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BSA warns about criminal liability from software piracy

Anuradha Shukla | Aug. 12, 2010
Introduces new intellectual property rights campaign

SHENZHEN, CHINA, 12 AUGUST 2010- The Business Software Alliance (BSA) has highlighted that it is not enough for management to just say they weren't aware their employees were using unlicensed computer software.

In a new intellectual property rights protection campaign, BSA has emphasised that all company directors, partners and persons responsible for the internal management of a business can face fines of up to US$6,438.57 per infringing copy and up to four years in prison.

Improvement in piracy rate

All is not gloomy as the findings of the Seventh Annual BSA-IDC Global Software Piracy Study showed Hong Kong's PC software piracy rate dropping from 48 per cent in 2008 to 47 per cent in 2009. Also, the commercial value of illegal software currently in use also decreased, from US$225 million in 2008 to US$218 million in 2009.

BSA believes the improvement in the piracy rate indicates the success of efforts of local businesses and government agencies. The combination of consumer education, strong intellectual property legislation, effective law enforcement, and legalisation programmes has seemed to have worked.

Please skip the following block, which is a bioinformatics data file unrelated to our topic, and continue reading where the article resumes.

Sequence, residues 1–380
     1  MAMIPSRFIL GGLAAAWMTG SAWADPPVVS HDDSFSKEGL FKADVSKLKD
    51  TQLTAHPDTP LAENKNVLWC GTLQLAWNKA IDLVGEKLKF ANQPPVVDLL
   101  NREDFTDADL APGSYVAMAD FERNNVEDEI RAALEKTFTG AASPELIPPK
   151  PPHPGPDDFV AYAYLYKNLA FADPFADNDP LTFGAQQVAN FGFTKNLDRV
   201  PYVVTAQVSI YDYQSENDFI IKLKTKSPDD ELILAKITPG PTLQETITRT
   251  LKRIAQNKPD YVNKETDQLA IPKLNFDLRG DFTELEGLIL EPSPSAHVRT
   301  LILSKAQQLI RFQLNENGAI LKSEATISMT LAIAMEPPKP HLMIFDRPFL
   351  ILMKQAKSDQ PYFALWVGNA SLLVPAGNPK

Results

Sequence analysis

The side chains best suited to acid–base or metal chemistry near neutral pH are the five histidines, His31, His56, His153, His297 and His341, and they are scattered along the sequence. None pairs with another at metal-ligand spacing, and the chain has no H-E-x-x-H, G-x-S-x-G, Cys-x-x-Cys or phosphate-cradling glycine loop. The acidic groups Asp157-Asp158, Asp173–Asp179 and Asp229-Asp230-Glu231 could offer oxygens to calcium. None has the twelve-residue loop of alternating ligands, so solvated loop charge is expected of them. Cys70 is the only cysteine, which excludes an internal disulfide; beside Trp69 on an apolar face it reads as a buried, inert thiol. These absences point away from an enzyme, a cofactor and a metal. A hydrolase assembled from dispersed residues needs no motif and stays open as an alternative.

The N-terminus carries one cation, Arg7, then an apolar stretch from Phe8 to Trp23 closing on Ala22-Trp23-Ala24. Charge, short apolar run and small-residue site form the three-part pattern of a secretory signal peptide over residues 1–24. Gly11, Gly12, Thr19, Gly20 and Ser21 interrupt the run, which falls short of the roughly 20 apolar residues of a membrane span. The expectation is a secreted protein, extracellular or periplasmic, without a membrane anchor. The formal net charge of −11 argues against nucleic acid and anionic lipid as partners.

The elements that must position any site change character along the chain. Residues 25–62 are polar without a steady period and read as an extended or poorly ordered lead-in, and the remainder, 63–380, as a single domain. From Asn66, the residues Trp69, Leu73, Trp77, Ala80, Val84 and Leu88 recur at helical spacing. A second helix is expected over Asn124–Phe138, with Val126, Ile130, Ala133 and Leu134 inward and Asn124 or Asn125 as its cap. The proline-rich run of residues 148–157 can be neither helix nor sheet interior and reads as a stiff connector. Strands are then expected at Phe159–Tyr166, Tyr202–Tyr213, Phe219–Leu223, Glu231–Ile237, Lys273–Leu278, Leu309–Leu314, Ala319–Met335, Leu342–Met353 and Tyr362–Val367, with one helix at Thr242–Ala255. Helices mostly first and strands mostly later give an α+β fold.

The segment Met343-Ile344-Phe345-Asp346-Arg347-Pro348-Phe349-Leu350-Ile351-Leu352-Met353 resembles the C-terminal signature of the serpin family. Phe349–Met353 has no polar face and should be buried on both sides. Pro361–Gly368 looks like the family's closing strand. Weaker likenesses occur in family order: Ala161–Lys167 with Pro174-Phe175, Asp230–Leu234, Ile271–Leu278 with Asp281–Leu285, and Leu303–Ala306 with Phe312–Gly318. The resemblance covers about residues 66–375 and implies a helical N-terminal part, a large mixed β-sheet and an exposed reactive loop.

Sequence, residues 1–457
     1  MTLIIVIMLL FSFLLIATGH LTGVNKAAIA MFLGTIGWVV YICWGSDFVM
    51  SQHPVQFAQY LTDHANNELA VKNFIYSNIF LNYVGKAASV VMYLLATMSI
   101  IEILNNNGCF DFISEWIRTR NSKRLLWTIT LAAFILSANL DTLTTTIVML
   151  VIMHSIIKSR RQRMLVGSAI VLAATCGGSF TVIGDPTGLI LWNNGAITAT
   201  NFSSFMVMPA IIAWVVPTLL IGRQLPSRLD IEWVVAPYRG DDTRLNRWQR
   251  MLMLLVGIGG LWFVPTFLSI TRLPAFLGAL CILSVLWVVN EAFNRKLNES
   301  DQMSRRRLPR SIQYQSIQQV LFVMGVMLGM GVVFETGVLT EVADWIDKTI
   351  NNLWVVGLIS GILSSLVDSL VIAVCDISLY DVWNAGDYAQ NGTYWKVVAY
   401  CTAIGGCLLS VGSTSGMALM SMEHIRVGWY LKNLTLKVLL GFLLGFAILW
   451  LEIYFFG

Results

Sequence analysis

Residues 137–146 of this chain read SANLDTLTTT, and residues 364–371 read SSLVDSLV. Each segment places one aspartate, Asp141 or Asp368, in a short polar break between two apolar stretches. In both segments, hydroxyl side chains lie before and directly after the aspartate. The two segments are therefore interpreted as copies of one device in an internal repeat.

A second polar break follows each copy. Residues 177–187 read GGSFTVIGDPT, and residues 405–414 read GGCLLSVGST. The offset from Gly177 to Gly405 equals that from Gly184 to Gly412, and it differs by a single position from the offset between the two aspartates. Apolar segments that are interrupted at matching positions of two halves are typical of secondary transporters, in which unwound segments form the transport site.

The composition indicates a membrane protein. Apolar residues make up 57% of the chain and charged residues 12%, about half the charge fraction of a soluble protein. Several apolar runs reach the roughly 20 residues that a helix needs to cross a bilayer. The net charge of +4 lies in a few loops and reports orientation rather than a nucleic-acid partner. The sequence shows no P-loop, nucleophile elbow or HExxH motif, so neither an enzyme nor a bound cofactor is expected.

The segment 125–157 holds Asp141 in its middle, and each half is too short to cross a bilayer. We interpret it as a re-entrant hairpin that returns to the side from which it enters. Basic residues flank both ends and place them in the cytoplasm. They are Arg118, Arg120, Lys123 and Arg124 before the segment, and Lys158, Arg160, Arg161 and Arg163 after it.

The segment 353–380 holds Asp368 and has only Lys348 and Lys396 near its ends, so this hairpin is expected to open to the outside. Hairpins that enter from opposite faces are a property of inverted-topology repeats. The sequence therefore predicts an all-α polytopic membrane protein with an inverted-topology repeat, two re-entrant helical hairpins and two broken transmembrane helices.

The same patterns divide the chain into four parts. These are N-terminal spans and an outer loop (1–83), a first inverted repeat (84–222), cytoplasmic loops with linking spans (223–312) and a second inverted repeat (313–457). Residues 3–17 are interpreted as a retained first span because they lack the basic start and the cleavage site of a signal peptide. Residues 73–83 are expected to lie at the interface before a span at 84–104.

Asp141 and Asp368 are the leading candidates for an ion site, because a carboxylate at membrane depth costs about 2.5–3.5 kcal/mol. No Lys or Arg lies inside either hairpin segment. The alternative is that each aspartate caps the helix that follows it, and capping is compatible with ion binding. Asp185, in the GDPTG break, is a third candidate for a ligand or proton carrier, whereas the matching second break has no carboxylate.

The alliance's new intellectual property rights (IPR) campaign includes education programmes and aims to remind directors and senior management about the consequences of the use of pirated software.

Competitive differentiator

Roland Chan, the BSA's senior marketing director for the Asia Pacific, noted that this campaign aims to continue educating local businesses on their responsibility regarding legal software.

A variety of elements featured in the campaign are expected to help the cause: a youth ambassador programme, participation at major computer expos, new TV commercials and other educational activities.

The BSA will also continue the Genuine Prestige' campaign to help organisations in Hong Kong leverage the use of genuine software as a competitive differentiator, added Chan.

Protection of intellectual property rights is of great importance to Hong Kong. Our surveys have shown that more Hong Kong companies have been taking measures to prohibit their staff from installing or using pirated computer software. We will continue to provide our full support to anti-piracy initiatives, said Stephen Selby, director of intellectual property, Hong Kong government. We are confident the BSA's new campaign can further raise the awareness of the business community about the risks relating to using infringing software, as well as the benefits of using legal software.


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